Sony Corp. (SNE, 6758.TO) has to sell retailers as much as customers on its new PSPgo handheld game player.

Best Buy Co. (BBY) and Sony's other retail partners generate much of their videogame profits by selling games and accessories rather than the game players, and Sony's new $249 gadget only downloads games from the Internet.

As a result, Sony faces a tricky balancing act. It must keep its vast network of retailers happy, because they help sell the game consoles, but the company also has to adjust to the new reality and profits of delivering lower-priced games online.

Sony's solution: Game cards, which let retailers remain the middlemen in game sales. The cards are passes to download specific games from Sony's online bazaar called the PlayStation Network. The cards are in addition to prepaid ones retailers now sell that add funds to a PlayStation Network account.

Also, Inc. (AMZN) has in the last week become the first online retailer to provide access to the PlayStation Network by selling "access codes" to certain games. Sony's talking with other retailers about reaching the same arrangement, according to Peter Dille, Sony's senior vice president of marketing amd the PlayStation Network.

Retailers remain cautious. For example, a Dutch store chain refuses to sell the PSPgo. Others appear to be bowing to the realities of the day. "These developments have been anticipated for some time, and we're excited about the possibilities digital gaming presents to us and our customers," Best Buy senior vice president Chris Homeister said.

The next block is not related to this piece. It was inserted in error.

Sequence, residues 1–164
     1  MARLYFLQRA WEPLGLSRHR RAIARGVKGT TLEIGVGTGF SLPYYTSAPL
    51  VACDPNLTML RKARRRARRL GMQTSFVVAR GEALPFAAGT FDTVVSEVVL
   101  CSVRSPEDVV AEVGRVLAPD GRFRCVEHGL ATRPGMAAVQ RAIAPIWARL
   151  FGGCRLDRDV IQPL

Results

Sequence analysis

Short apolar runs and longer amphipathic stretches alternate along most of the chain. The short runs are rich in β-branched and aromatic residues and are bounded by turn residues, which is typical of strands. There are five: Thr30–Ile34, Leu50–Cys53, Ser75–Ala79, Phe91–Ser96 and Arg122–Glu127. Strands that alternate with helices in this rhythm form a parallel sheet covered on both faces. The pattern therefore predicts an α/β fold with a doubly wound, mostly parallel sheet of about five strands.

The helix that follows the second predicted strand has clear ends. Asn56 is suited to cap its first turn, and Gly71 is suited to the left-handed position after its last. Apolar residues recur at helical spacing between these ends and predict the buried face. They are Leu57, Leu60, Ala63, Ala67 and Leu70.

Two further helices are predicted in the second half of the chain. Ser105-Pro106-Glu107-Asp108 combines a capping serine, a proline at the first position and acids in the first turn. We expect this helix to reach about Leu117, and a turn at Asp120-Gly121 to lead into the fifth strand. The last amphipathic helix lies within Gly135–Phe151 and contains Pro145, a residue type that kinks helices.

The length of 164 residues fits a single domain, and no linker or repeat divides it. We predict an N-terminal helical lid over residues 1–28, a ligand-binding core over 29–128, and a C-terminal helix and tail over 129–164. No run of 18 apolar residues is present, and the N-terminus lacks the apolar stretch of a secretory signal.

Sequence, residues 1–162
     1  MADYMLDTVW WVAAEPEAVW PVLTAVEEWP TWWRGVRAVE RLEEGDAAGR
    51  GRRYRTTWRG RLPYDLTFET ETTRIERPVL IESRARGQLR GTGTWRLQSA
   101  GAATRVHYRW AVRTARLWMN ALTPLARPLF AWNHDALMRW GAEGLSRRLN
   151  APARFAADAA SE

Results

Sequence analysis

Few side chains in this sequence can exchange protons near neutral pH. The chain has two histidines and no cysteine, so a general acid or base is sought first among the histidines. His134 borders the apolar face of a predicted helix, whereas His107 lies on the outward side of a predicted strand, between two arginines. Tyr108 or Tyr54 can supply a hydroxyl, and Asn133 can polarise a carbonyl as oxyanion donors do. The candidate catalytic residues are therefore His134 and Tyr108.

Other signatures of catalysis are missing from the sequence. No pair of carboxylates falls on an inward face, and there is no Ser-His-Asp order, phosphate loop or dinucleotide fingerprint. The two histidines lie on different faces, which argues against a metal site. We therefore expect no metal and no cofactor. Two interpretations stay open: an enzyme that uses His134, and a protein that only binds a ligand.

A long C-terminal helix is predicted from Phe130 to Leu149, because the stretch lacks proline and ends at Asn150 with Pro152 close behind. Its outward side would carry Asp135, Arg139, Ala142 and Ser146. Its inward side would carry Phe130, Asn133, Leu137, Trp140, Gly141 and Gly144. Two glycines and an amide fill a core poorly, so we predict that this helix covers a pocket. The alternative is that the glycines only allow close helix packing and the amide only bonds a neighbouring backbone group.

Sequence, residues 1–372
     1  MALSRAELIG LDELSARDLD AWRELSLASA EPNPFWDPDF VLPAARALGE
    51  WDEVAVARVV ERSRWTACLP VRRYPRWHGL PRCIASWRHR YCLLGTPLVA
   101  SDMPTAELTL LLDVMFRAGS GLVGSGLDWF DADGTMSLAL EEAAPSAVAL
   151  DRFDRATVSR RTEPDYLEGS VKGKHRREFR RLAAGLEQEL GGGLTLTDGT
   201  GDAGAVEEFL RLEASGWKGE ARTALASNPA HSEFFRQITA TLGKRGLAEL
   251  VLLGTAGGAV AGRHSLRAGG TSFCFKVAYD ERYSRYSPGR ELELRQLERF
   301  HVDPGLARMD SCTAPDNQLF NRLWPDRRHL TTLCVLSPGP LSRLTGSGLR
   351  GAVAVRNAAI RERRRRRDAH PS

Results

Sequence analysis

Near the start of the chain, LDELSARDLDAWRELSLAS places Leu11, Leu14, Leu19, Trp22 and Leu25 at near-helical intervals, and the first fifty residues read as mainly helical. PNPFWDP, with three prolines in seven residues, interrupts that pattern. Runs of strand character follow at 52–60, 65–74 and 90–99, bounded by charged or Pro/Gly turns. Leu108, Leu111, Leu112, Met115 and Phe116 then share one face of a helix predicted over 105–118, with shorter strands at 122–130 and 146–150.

For its part, Sony has many reasons to move towards digital games, such as not paying retailers the typical 20% share for putting the games on their shelves. Also, so far, it is providing a halo effect on Sony portable player sales, which provides the company with another argument for retailers to sell the new game player. Since the PSPgo's introduction, Sony retail partners say sales of all PlayStation portables jumped 300% from the week before.

The PSPgo isn't expected to be much of a revenue driver yet, as reflected in the price of Sony shares traded in North America. They fell 50 cents to $28.20 during the first week of PSPgo sales. The collective yawn is understandable: Analysts see sales of PSPgo as merely a blip for a company with annual revenue of $79 billion.

Rather, the PSPgo's value to Sony is in adjusting Sony to the slow motion process of digitizing videogames.

"Digital distribution will continue to grow, probably for next 10 years," said Jesse Divnich, analyst for digital entertainment research firm Electronic Entertainment Design and Research. "It's in the best interest to try to take advantage of these trends now."

-By Ben Charny, Dow Jones Newswires; 415-765-8230;